Roy Hodgson Needs to Embrace Being Crystal Palace's “Fall Guy”

Written by Naveed Khan

Naveed Khan takes inspiration from another article we published to call for Hodgson to take greater prominence.

Roy ray

On Tuesday, Robert Sutherland wrote this piece on how the lack of communication from the club is causing friction among the fan base. Add to this the lack of joined-up strategy on and off the pitch, the issues with squad depth and three wins in nineteen, it is perhaps time for Roy Hodgson to increase his stature beyond that of Head Coach.

The manager is, in so many ways, the face of the club. He talks to the press pre and post-match. He is on the touchline and it is his team selections and tactics which get debated. Whatever hand he has been dealt with in the transfer market, he is judged on his results. For the equivalent of half a season now, the results have not been good enough – the full picture, including injuries and lack of backing in the transfer market is not shown in the record.

Hodgson is the fall guy. Regardless of what is going on at the club behind the scenes, the failings of the Sporting Director and the shortcomings of the owners, he is the face of it all and rather than (even correctly) point to the responsibility of others, he has to embrace being the fall guy.

Certain circumstances call for managers or head coaches to act not just like the man charged with coaching the team, but as if he is the manager of the club in a broader sense. Walking with the swagger of someone who owns the situation. Palace’s history is littered with such managers, whatever their success was on the pitch.

Malcolm Allison is still revered by fans who grew up with him managing the club despite multiple relegations. Steve Coppell is regarded by many as the best manager in the club’s history despite his hand in two Premier League relegations. For both, it was in no small part down to their standing up when adversity hit, taking the punches and then giving the fans something to hold on to. With the former, it was evolving the club’s identity. Coppell developed a team the fans could relate to.

There have been more recent examples. Neil Warnock stamped his mark on not just the team but the club when he first joined by giving academy player after academy player a debut. He knew the adversity post-Peter Taylor and the fans’ perception of him needed changing. Tony Pulis and Sam Allardyce both imposed themselves on the club in their short tenures – it was clear they were fronting up to the situations they inherited the team in.

Roy wet clap

That is not to say Hodgson has not done that in his own quiet, dignified way. Following the Frank de Boer debacle, he most certainly did. But that was then. Now, the team is bottom of the form table, the squad has an imbalance to it and there is silence from the owners. Rather than concentrate just on preparing the team, the manager has to step up beyond his comfort zone.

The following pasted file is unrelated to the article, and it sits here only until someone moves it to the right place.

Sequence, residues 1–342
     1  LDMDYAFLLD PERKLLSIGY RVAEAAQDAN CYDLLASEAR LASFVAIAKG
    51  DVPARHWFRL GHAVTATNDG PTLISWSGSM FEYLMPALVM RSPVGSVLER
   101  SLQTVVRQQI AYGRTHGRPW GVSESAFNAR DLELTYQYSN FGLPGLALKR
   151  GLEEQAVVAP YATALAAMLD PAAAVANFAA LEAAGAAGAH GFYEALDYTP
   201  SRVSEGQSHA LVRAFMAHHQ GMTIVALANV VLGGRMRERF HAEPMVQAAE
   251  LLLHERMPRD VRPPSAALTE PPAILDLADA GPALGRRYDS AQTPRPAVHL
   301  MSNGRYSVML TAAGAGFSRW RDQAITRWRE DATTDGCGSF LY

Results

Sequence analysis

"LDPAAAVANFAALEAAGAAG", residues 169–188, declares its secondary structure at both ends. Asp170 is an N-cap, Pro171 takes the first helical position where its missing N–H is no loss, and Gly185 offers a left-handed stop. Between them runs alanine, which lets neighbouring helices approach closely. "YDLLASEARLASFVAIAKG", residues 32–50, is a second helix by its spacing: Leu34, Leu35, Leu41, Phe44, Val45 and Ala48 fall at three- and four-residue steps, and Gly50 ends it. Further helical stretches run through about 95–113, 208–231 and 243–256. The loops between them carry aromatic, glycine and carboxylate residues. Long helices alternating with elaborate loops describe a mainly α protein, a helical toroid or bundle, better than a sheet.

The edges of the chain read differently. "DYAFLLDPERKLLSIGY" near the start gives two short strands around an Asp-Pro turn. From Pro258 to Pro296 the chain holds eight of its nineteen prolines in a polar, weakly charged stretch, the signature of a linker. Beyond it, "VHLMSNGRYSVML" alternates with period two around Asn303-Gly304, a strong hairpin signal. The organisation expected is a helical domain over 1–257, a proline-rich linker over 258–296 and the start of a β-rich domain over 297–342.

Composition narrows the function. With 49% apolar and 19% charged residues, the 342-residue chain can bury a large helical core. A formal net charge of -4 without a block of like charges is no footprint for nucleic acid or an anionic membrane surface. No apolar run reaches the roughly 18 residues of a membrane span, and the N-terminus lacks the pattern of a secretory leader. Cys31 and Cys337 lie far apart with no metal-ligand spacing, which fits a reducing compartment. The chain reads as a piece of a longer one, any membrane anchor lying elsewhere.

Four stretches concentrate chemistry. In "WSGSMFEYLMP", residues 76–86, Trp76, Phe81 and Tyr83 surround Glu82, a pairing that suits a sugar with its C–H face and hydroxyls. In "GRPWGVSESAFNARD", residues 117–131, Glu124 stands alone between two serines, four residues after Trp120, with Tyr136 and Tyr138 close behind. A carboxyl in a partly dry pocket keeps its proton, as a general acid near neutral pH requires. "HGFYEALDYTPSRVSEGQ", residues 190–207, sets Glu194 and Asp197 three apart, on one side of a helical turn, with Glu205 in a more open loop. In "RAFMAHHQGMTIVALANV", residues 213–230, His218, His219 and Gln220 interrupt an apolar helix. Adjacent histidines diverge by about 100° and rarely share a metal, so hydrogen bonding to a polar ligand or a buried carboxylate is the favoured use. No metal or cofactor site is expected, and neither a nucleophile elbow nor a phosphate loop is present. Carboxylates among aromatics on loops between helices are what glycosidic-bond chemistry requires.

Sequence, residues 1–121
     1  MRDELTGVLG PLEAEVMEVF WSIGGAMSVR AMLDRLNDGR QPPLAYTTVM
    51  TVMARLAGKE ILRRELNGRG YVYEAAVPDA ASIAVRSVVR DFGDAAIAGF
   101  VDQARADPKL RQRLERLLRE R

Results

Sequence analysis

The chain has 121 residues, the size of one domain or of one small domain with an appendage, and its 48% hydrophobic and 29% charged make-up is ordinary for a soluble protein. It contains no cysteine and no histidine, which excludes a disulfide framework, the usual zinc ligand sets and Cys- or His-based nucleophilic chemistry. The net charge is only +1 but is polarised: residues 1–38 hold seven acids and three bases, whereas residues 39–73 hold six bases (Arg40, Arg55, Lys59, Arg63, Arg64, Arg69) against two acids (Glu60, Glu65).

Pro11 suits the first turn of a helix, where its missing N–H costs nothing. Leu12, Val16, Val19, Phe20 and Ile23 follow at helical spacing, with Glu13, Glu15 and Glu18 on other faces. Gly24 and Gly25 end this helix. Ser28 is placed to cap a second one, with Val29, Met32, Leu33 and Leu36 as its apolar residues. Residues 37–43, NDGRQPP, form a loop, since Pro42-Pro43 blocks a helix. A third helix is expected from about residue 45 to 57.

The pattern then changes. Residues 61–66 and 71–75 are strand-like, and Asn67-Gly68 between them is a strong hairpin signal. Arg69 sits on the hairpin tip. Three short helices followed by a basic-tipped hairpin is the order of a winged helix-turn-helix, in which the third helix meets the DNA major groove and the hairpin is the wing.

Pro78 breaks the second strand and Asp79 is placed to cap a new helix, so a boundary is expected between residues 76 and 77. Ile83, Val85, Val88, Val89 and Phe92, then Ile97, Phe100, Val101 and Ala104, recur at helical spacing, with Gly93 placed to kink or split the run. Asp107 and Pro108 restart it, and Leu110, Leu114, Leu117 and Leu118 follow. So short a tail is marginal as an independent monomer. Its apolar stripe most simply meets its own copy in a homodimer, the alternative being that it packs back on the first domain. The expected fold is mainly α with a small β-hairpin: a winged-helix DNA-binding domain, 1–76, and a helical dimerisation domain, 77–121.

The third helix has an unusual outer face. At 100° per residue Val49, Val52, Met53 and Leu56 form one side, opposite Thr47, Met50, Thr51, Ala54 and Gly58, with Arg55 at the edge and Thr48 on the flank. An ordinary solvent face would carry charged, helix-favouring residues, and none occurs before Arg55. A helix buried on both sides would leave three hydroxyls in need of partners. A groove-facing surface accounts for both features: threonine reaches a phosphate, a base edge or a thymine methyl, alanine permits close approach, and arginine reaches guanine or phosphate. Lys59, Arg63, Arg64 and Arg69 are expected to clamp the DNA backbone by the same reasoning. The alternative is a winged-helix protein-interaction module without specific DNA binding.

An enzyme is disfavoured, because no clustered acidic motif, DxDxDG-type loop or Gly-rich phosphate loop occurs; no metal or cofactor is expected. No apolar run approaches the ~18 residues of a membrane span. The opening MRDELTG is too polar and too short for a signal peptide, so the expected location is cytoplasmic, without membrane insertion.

The feeling is the club needs a galvanising force; something to unite the fans. Something which makes the fans feel closer to the club as it had been for much of the CPFC2010 era. The silence covered in Rob’s piece will not facilitate that – the only person who can now do that is the manager.

Team selections, tactical decisions, ignoring creative players and persisting with functional ones are all valid points of discussion around the manager. But that is not the point of this piece. At a time of uncertainty with the ownership, a standstill over Selhurst Park’s redevelopment and a stagnating squad, fans need a quick fix. We need to see something change. It is in the power of Hodgson to give us that change, that something to hold on to.

It could be any one of a number of things, from moving away from three defensive-minded midfielders to embracing one attacking one. It could be switching to a progressive 4-4-2, or setting up in a way to give Wilfried Zaha maximum freedom. Or, like with Norwich away, it could be putting trust in an academy player to make a difference to the first team.

What ultimately needs to change at Crystal Palace are elements of the ownership of the club and the associated vision and strategy going forward. Roy Hodgson cannot affect that change. But he can change what fans see on a match to match basis. He does not need to alter what has given him such longevity as a coach. He just needs to see what is happening around him at the club, understand the fans need hope and as the fall guy, he needs to give that hope to us. The mess may not be his making, but he is the one who needs to stand up while the owners remain silent.